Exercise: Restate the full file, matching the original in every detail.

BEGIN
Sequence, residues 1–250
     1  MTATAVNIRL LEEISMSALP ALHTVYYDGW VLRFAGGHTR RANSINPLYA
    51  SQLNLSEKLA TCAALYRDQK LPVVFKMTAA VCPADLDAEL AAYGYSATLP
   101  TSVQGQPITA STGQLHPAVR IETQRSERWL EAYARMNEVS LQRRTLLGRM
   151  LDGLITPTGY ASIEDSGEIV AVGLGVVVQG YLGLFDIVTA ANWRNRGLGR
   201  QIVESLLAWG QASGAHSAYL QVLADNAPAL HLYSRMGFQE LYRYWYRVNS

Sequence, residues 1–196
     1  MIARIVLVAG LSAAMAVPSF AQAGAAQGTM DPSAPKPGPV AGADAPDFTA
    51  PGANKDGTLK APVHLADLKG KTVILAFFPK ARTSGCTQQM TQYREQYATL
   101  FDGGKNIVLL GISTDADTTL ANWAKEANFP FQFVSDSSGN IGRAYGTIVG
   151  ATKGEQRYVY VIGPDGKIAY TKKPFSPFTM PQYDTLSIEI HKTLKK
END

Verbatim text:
Sequence, residues 1–250
     1  MTATAVNIRL LEEISMSALP ALHTVYYDGW VLRFAGGHTR RANSINPLYA
    51  SQLNLSEKLA TCAALYRDQK LPVVFKMTAA VCPADLDAEL AAYGYSATLP
   101  TSVQGQPITA STGQLHPAVR IETQRSERWL EAYARMNEVS LQRRTLLGRM
   151  LDGLITPTGY ASIEDSGEIV AVGLGVVVQG YLGLFDIVTA ANWRNRGLGR
   201  QIVESLLAWG QASGAHSAYL QVLADNAPAL HLYSRMGFQE LYRYWYRVNS

Sequence, residues 1–196
     1  MIARIVLVAG LSAAMAVPSF AQAGAAQGTM DPSAPKPGPV AGADAPDFTA
    51  PGANKDGTLK APVHLADLKG KTVILAFFPK ARTSGCTQQM TQYREQYATL
   101  FDGGKNIVLL GISTDADTTL ANWAKEANFP FQFVSDSSGN IGRAYGTIVG
   151  ATKGEQRYVY VIGPDGKIAY TKKPFSPFTM PQYDTLSIEI HKTLKK